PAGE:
Of course, there’s this one thing that most readers have a problem with: when Jamie beats Claire with a belt for putting all of their lives in danger. Now, I’m not by any means saying that this kind of behavior is right, it’s not. At all. BUT we have to understand that this is the 18th century and a husband beating a wife wasn’t that uncommon. Claire did something she was not supposed to and got kidnapped; Jamie and the lads had to risk their lives to save her… Jamie actually tells her that, had she been a man, the punishment would have been a lot worse, but since she's a woman, she had to have that kind of punishment and it had to be carried out by her husband. Yes, yes I know, it’s awful. It’s like a little part of your heart breaks when this happens, because he’s so very protective of her and then he goes and beats her himself… you start to consider it to be a bit hypocritical. But what I found to be very interesting is that we move on… somewhere in the book we kind of forgive Jamie. He does feel a bit bad when he finds out why she tried to escape and got kidnapped, when she tells him about the truth of who she is and where she came from, because he beat her for trying to go back to her own time and to her husband. And he later promises to never lay a hand on her again.

In the end it all works out, they’re so very happy together and she chooses to stay with him. But oh my God, how very frustrating it is that they’re always in some kind of trouble, what with Jamie having a price on his head and Claire being considered a witch all the time, I was always so nervous when there were happy times, because I knew they would not last long!

And I felt so bad for Jamie at the end of the book, when you thought he was getting better something else might come at him and he was close to death again… I don’t completely understand how Claire saved him; you know, when she makes him all mad so that he would get up and fight her… but hey, it worked.

I have to say that these past few weeks I’ve been seeing the world around me and realized how far women have come, and I’m really proud… Yes, I know I always get all philosophical and start thinking about the origins of the world and what not, just let me be… It’s just that I always felt so bad for Claire, it must have been so frustrating, coming from the 20th century, having experienced a lot more of gender equality and then going back in time and having to endure all that, ugh… I always get mad when I see sexism around me nowadays, it’s still present and there are still a lot of places where women are being treated like they’re just objects, but I have to say that reading this book made me appreciate how far we’ve come and it gives me a lot of hope for the future… -End of weird philosophical rant-.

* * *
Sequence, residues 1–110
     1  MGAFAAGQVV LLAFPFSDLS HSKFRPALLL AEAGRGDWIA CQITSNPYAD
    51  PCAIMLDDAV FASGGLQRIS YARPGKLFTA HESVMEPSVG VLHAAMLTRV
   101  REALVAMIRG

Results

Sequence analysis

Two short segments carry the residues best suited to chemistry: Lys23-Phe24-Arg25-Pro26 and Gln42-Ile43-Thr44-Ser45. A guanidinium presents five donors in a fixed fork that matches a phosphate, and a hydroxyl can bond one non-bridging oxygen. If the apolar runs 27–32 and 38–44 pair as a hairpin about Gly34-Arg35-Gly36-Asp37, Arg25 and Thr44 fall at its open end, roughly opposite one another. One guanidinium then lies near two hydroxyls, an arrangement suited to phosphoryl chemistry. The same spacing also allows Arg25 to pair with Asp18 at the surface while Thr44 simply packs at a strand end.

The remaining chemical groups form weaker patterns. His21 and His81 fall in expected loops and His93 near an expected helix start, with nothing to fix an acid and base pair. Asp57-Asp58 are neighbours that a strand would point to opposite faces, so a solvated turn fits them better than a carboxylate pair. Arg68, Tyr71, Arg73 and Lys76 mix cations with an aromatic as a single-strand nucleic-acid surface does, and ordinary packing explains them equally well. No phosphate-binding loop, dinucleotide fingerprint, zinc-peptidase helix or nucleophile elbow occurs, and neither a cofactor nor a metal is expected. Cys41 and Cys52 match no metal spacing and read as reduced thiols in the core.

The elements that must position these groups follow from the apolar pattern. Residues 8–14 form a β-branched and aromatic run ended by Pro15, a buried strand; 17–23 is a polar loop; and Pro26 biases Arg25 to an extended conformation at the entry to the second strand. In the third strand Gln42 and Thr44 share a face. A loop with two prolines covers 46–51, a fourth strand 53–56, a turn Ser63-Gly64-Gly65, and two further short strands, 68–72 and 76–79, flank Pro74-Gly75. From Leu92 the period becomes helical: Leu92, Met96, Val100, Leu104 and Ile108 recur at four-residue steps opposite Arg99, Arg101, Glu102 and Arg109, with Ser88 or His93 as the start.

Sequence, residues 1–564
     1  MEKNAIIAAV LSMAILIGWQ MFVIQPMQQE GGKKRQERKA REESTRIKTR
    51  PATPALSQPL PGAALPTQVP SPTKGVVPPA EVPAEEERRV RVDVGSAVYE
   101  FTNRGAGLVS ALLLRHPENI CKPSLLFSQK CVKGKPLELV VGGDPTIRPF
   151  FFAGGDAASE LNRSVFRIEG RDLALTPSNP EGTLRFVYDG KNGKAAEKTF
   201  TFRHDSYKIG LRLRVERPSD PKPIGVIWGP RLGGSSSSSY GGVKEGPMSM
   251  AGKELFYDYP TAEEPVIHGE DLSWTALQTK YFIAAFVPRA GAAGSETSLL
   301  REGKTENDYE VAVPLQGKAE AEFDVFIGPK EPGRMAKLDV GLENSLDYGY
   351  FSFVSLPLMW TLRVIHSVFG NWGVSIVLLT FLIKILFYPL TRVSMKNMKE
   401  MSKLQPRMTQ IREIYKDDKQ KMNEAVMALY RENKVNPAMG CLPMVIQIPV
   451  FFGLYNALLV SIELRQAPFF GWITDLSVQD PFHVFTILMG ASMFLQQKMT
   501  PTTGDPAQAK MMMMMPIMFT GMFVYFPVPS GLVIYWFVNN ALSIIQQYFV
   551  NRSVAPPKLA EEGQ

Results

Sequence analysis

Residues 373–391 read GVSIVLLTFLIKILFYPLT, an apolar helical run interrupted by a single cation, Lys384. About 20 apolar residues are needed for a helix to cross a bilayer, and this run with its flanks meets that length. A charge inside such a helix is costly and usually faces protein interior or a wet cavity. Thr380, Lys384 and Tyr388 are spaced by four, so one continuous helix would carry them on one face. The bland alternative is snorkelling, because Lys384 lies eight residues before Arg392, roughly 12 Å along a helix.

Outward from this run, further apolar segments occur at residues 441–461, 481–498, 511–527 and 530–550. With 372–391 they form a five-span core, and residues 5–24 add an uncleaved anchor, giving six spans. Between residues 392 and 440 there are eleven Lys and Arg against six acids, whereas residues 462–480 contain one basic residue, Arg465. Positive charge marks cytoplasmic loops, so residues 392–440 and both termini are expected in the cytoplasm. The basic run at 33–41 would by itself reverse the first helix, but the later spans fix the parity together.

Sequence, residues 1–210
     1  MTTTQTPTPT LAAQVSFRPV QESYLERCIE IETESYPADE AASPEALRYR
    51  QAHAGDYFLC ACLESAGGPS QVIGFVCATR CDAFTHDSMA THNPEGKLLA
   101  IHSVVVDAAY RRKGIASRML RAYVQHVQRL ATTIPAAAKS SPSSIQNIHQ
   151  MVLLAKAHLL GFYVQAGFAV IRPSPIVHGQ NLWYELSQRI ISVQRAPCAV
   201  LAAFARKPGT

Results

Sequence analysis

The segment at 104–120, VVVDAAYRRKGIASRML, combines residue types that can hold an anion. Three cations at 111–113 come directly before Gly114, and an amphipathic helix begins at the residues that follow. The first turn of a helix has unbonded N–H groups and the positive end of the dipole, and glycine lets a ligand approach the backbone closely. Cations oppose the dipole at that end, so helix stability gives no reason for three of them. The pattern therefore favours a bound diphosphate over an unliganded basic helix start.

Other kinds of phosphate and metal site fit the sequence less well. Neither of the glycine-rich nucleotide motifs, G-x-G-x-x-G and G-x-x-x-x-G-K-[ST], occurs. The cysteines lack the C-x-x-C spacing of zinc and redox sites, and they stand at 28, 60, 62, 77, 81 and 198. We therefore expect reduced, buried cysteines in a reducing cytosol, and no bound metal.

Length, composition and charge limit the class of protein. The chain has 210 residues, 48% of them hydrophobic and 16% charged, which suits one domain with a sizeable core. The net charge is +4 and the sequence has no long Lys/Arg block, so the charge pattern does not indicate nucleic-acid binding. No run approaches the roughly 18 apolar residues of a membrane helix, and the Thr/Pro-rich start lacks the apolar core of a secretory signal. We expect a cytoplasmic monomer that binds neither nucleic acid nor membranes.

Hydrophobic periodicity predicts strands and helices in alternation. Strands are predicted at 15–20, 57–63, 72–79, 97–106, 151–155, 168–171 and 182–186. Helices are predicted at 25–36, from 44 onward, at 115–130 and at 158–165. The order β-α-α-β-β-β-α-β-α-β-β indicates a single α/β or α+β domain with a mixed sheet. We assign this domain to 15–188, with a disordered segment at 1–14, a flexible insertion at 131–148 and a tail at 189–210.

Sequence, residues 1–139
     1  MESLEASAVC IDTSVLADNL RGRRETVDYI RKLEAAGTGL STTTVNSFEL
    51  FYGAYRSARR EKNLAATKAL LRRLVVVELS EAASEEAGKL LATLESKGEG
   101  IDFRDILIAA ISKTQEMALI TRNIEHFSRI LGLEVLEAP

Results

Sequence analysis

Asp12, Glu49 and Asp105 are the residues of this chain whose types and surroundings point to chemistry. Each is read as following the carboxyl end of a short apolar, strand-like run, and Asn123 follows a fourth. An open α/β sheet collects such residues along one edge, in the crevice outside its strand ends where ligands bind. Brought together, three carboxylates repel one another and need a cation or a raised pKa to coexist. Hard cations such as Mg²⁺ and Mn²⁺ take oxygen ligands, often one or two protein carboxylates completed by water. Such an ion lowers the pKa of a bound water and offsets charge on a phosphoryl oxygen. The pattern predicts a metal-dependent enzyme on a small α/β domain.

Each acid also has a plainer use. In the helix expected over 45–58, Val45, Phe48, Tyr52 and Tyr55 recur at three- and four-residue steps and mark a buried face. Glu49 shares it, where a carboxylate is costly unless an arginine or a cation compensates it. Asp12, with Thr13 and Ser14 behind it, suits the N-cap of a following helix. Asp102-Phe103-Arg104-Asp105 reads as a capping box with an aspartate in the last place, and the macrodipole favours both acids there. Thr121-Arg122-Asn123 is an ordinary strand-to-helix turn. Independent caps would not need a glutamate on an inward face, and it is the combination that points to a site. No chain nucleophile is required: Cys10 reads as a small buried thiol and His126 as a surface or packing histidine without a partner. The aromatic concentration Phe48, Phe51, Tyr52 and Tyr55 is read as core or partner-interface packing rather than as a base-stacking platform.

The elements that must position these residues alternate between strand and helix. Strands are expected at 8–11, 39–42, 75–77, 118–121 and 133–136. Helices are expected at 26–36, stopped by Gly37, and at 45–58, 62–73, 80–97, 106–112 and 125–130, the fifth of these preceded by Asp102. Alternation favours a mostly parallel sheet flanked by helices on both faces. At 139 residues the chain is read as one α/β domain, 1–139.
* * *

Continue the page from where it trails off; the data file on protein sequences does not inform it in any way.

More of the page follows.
I was watching the show while it was being aired, NOW WE HAVE TO WAIT UNTIL APRIL OH MY GOD... I really LOVE it, they’re doing a wonderful job. I’ve been thinking about posting a review of the show as well, so you can expect that from me soon.

I definitely recommend this book, to both men and women. I know a lot of people think this book is just for women because of Jamie, but it’s not, there are actually a lot of men who’ve read this and have loved it. Just keep in mind that this is a mature book, and I’m not saying that because of the sex, but because there’s a lot of violent situations and rape.

Still, it’s easy for me to say that it’s become one of my favorites. It's one of those books you can barely put down and leaves you thinking about it even when you're not reading it.



OH AND AM I THE ONLY ONE WHO'D LOVE IT IF DIANA GABALDON RELEASED THIS BOOK FROM JAMIE'S POV?! CAN SHE PLEASE MAKE THIS HAPPEN?!

Have you read Outlander or watched the TV show? What did you think of it?

Thank you for reading! Bye-Bye!

22 comments:

  1. Sounds nice!! I never heard about this but its interesting!

    Happy weekend
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    1. Thank you! :)
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  3. Replies
    1. Thank you! Yes, it is really good! :D

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    1. Thank you so much for nominating me!! :D

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  9. Love the show! Clare is one of my all time favorite female leads!
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    ReplyDelete
    Replies
    1. Someone who also watches the show!! That's great! :D
      Yes, she's amazing, I really love her :)

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  10. I just discovered your post on Outlander. I LOVE this book, once of my all time favorites! I completely agree with you, Diana should write a book in Jamie's perspective! The first season of the show was great, however the prison episode was really hard for me to watch, but nonetheless I persevered! :)

    ReplyDelete
    Replies
    1. Yes!! It's one of the best books I've ever read!! I know, I would seriously love to read it from Jamie's POV <3 I think they're doing an amazing job with the show! And that part was really hard to watch indeed, poor Jamie :'(

      Delete